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What is the Jaro-Winkler distance?

by Stephen M. Walker II, Co-Founder / CEO

What is the Jaro-Winkler distance?

The Jaro-Winkler distance is a string metric used in computer science and statistics to measure the edit distance, or the difference, between two sequences. It's an extension of the Jaro distance metric, proposed by William E. Winkler in 1990, and is often used in the context of record linkage, data deduplication, and string matching.

The Jaro-Winkler distance computes a value between 0 and 1, where 0 indicates no similarity and 1 represents identical strings. It considers the number of matching characters, the number of transpositions (swapped characters), and a scaling factor for common prefix matches. The scaling factor in Jaro-Winkler gives higher weight to prefix similarities, making it especially effective for cases where slight misspellings or prefixes are common.

The calculation involves three main steps: computing the Jaro Distance, calculating the common prefix length, and applying the Jaro-Winkler formula. The formula takes into account the Jaro Distance, and the prefix scaling factor (usually 0.1 or 0.25), and adjusts the similarity score accordingly.

The Jaro-Winkler similarity (simw) is defined as:

``````\$\$simw = simj + lp(1 – simj)\$\$
``````

where:

• simj: The Jaro similarity between two strings, s1 and s2
• l: Length of the common prefix at the start of the string (max of 4 characters)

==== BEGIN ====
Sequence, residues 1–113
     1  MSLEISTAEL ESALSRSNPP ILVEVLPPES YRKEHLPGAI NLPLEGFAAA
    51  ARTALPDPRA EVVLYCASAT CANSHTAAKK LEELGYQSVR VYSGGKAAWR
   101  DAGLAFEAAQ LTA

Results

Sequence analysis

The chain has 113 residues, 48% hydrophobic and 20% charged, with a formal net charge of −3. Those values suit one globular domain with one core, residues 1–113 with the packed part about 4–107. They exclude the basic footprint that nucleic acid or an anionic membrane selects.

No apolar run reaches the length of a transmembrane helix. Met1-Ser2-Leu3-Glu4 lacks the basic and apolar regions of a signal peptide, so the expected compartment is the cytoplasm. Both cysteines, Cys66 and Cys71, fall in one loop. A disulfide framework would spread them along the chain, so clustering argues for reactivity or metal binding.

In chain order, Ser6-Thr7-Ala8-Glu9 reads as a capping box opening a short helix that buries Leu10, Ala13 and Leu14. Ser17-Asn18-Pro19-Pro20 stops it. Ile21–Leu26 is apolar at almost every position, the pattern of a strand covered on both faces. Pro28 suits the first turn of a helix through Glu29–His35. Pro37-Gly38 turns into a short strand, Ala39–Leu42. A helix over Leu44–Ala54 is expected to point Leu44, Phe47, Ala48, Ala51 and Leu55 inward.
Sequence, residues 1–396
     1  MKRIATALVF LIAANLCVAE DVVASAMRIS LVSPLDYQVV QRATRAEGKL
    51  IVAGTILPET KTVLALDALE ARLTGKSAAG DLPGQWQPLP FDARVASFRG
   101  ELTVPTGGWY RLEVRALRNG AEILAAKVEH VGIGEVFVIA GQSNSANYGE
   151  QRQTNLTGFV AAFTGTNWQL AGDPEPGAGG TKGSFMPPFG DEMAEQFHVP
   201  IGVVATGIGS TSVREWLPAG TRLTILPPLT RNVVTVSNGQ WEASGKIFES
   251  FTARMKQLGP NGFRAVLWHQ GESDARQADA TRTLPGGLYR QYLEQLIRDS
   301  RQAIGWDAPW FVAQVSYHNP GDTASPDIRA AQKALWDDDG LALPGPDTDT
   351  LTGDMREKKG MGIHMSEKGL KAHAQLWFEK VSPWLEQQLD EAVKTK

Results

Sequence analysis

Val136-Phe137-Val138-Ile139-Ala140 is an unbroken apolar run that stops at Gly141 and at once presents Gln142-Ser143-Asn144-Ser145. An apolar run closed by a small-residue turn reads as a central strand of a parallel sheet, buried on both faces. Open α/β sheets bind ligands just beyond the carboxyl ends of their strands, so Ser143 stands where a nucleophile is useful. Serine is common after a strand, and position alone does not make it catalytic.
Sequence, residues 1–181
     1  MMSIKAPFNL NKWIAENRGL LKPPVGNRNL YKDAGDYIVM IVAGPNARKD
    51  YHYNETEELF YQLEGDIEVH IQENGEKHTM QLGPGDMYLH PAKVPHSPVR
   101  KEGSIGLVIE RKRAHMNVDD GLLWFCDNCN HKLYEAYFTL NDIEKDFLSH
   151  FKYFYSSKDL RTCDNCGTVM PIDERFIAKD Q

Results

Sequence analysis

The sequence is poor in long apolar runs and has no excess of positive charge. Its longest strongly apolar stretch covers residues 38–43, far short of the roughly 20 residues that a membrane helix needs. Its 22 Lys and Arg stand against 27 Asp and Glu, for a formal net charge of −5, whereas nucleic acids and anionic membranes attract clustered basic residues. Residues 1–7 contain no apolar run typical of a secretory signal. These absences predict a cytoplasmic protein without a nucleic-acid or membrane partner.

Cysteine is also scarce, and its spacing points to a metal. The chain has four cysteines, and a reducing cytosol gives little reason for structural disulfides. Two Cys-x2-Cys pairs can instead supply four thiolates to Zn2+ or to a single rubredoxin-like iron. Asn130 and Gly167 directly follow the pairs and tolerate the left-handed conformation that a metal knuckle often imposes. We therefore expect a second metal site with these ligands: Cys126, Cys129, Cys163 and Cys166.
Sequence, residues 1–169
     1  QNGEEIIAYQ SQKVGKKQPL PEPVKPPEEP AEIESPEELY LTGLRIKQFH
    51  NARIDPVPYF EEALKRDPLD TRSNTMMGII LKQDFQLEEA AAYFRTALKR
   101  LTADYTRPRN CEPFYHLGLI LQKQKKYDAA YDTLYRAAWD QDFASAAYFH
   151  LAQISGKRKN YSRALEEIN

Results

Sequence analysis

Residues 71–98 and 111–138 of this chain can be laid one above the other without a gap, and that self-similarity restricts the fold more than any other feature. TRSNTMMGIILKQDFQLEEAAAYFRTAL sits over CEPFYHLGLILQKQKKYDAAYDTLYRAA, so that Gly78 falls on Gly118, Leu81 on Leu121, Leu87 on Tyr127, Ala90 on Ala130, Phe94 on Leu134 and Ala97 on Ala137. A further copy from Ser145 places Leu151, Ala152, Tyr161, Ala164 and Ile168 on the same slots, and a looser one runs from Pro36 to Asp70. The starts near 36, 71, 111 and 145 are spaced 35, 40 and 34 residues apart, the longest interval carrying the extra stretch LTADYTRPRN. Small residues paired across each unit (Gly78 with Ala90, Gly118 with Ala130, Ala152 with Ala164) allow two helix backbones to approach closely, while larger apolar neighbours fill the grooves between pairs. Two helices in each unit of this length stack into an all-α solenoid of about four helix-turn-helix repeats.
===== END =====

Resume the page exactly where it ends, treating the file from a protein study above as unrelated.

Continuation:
• p: Scaling factor for how much the score is adjusted upwards for having common prefixes. Typically this is defined as p = 0.1 and should not exceed p = 0.25.

The Jaro-Winkler distance would then be defined as `1 - simw`.

How is the jaro-winkler distance calculated?

The Jaro-Winkler distance is a measure of similarity between two strings of text. It is used to compare the similarity of words or phrases by comparing their characters. The distance is calculated as follows:

1. First, calculate the number of matching characters in both strings. Two characters are considered matching if they are the same and are not more than 2 positions away from each other.
2. Next, calculate the number of transpositions, which are pairs of characters that are out of order in one string compared to the other.
3. Finally, calculate the Jaro distance as follows: `Jaro = (matches / length1 + matches / length2 + (matches - transpositions) / matches) / 3`.
4. The Winkler modification is then applied by adding a scaling factor to the Jaro distance if the strings have a prefix match of at least 4 characters. This scaling factor is calculated as `prefix_match * (1 - Jaro) / 2`.
5. The final Jaro-Winkler distance is calculated as `Jaro + Winkler_modification`. The Jaro-Winkler distance ranges from 0 to 1, with a value of 1 indicating that the two strings are identical and a value of 0 indicating that they have no characters in common.

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